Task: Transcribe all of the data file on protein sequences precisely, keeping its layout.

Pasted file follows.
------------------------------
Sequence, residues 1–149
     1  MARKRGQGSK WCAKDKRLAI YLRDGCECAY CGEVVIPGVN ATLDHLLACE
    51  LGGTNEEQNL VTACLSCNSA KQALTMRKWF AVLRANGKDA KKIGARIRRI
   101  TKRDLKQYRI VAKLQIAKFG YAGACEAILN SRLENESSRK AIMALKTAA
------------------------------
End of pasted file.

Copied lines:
Sequence, residues 1–149
     1  MARKRGQGSK WCAKDKRLAI YLRDGCECAY CGEVVIPGVN ATLDHLLACE
    51  LGGTNEEQNL VTACLSCNSA KQALTMRKWF AVLRANGKDA KKIGARIRRI
   101  TKRDLKQYRI VAKLQIAKFG YAGACEAILN SRLENESSRK AIMALKTAA